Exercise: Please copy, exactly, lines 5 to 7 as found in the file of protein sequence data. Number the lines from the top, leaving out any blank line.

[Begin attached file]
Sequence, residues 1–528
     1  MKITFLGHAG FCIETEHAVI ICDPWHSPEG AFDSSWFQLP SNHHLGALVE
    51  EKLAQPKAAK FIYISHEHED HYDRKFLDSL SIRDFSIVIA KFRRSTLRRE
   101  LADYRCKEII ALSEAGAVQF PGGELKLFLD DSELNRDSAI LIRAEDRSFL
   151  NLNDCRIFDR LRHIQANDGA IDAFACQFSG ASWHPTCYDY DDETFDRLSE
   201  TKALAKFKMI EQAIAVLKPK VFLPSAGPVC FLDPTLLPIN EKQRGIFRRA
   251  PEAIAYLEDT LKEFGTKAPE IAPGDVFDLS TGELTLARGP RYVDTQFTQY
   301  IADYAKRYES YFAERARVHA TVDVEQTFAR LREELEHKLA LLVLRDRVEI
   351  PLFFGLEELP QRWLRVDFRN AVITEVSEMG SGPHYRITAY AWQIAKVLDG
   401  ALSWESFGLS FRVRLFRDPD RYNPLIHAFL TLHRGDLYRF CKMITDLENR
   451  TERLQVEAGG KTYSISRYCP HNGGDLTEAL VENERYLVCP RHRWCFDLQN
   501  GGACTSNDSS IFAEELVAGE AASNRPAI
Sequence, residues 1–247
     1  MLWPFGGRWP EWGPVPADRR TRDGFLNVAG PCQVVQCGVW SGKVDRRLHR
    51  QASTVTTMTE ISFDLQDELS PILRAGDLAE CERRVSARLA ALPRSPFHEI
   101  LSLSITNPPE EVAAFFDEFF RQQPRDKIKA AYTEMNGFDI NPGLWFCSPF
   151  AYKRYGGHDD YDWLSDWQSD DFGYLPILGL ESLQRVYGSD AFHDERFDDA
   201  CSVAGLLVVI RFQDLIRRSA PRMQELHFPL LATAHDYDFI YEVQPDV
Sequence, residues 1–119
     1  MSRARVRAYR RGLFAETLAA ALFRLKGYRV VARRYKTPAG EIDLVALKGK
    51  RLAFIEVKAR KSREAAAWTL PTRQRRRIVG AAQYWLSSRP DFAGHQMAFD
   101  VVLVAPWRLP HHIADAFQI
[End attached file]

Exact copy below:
   151  NLNDCRIFDR LRHIQANDGA IDAFACQFSG ASWHPTCYDY DDETFDRLSE
   201  TKALAKFKMI EQAIAVLKPK VFLPSAGPVC FLDPTLLPIN EKQRGIFRRA
   251  PEAIAYLEDT LKEFGTKAPE IAPGDVFDLS TGELTLARGP RYVDTQFTQY